The Universal Language of Zumba!
For someone who was so useless at language at school, it’s insane to have a YouTube following that stretches from the Solomon Islands (twelve views in the last thirty days!) to Saudi Arabia (seventy four thousand views in the last thirty days). It’s all down to the power of expression through simple dance.
Dance brings alive the most basic and primitive of human passions, that have otherwise been forgotten in this technological era. Dance is thought to have originated around 9000 years ago and is first seen through archaeology in the rock shelter paintings in India and Egyptian tomb paintings from 3300 BC, meaning Zumba has roots just as deep as the oldest holistic paths, such as yoga. Dance has its roots in healing (still seen in Brazil and Sri Lanka) and in expression. Different cultures told myths and stories through dance to express emotions, from love to anger. From its very beginnings dance has always been about communication…
The funny thing is… in Zumba, we don’t talk, and yet we communicate from the first step to the last. It’s certainly a very different type of connection from classes where verbal cues are everything but it brings us back to our roots. From the moment that societies began, dance was there. It’s no coincidence that when we relax we dance… Who’s caught their boyfriend dancing in the shower on a particularly bright day? Or watched their Dad dancing with an expression of utter joy on his face? Dance allows me to connect with hundreds, even thousands of people in one class. It’s exhausting precisely because I connect with and have a relationship with everyone in the room.
Because there’s no language and no verbal cue or instruction – barriers disappear. Come to class and it doesn’t matter if you are black, white, male, female, gay, straight, old or young. It’s a place where Grandmothers connect with Granddaughters, boyfriends with girlfriends and best friends with best friends. One of my closest friends came from my first community class, in Richmond, in 2010. It was her first class and from the beginning of the warm-up she was hooked. She ran and still runs an ice-cream shop by the Green – of course the relationship blossomed due to her love of Zumba and my love of Italian Gelato!
Politically the merits of multiculturalism are still out for debate but in Zumba, it’s everything. Our classes are melting pots filled with the most diverse of people
from all walks of life, with common goals and passions. Although men are more rarely seen, thirty two percent of my views on YouTube are male – although I question how many are actually dancing along! From it’s beginnings with Beto Perez in Columbia, Zumba was about taking culture from one country to another and, as it has moved around the globe it has picked up the influences which we all love, forming cultural bridges all around the world. Just look at the new ZIN tracks danced by Ricardo Marimitte, a Mauritian and a African Workshop presenter as well as Steve Boedt from Belgium.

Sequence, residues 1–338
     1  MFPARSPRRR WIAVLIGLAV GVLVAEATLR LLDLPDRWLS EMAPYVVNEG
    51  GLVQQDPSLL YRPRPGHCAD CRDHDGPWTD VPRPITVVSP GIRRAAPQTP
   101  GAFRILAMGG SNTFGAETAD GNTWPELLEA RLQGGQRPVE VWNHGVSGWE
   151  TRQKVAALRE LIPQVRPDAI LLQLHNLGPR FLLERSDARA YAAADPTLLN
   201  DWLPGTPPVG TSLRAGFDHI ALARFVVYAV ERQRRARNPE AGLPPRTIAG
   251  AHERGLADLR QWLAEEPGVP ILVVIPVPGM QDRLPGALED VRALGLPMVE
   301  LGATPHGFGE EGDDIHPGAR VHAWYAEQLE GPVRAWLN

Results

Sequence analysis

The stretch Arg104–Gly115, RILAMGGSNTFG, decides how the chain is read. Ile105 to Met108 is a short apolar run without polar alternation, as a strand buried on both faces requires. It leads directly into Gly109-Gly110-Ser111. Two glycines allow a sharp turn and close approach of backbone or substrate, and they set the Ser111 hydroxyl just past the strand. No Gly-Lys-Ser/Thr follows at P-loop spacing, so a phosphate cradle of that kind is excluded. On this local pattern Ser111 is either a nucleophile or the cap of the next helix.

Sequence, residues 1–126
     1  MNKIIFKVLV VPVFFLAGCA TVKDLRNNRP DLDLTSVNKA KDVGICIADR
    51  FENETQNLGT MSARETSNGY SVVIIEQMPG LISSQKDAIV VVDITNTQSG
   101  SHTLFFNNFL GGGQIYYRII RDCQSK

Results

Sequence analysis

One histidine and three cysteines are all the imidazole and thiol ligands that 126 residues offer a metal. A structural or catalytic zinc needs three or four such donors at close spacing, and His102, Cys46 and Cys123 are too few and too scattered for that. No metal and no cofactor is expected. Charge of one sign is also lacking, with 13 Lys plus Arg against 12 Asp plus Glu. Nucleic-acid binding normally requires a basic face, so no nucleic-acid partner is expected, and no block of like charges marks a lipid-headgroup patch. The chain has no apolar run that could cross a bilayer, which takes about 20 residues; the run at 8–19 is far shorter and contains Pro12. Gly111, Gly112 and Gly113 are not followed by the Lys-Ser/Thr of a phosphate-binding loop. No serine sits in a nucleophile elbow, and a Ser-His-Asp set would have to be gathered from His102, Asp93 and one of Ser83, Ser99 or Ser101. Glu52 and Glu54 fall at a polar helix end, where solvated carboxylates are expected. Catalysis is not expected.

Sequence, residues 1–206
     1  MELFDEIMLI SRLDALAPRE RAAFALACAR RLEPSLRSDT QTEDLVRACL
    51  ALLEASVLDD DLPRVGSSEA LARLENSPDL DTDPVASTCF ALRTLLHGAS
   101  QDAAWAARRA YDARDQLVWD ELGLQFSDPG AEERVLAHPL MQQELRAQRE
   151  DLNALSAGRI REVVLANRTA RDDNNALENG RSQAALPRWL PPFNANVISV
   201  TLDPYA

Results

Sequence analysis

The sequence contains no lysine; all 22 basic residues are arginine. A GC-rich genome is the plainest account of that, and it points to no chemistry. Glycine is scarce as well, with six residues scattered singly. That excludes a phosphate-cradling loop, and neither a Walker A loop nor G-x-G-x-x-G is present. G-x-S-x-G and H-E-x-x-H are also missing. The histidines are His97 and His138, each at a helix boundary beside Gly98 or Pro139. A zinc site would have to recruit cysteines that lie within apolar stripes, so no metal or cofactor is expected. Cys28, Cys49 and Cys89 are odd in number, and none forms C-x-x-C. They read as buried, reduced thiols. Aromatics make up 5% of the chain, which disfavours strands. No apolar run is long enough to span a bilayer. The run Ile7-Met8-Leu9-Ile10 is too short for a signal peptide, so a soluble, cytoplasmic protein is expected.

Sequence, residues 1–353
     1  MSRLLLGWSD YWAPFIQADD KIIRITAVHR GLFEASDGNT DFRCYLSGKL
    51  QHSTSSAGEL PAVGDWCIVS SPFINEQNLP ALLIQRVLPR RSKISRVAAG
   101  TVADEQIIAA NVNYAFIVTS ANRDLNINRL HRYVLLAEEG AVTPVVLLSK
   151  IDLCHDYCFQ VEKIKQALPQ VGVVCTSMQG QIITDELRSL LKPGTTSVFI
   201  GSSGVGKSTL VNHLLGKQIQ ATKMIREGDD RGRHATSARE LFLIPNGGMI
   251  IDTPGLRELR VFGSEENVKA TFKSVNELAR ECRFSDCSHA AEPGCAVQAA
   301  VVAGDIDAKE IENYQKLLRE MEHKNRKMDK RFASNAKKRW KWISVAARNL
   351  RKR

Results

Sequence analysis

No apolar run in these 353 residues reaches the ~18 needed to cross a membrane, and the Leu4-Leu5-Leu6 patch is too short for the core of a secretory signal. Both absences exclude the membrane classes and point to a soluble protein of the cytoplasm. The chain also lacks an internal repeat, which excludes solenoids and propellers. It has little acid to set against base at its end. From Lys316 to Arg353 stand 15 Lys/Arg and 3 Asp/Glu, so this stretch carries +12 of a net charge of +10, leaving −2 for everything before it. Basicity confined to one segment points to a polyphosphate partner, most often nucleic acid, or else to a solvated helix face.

As Zumba moves across the globe it spreads like wildfire across whole continents. I had dinner with Jessica Mellet recently at a fitness convention, she’s a huge star in France currently and was a big hit with the audience. She was talking to me about France being a couple of years behind us (UK) and experiencing the Zumba Boom at the moment. In fact next month, I’m hosting a Zumba Battle at The Two Brewers on Clapham High Street, entertaining fifty French Zumba enthusiasts who are travelling over from Gay Paris, and it doesn’t even matter that my French c’est terrible! It’s the fourth event organised by Charlotte Cheval and is one of my favourite events of the year. Perhaps because the communication and dance is more intense given the lack of the spoken word. I’ve just committed to a fitness convention in Bucharest next year and, given my Romanian (fitness-Scandinavia), can’t wait!
I started this blog by saying that technology was the cause of our lack of expression with one another, however, the internet, YouTube, Facebook, Twitter and LinkedIn, have given Zumba a pulse like no other that has ever existed for a fitness programme. I love my followers all around the world and have technology to thank for them. They benefit from free classes, influences and dances that they could never have dreamt of before, just as I do. I even teach live classes online now at instructorlive.com and have emails from people all over the globe who are on their way to London and need their Zumba fix.
Zumba may be big business, run by savvy suits but, whether it was their intention or not, they have brought back to life a universal language that crosses divides of culture, sex, politics, age and language.
Ps – my latest Dance Fitness Video on YouTube is Kal Ho Naa Ho from a Bollywood rom-com and I’d love to choreograph some other international songs, if you have a favourite please email them to me at firstname.lastname@example.org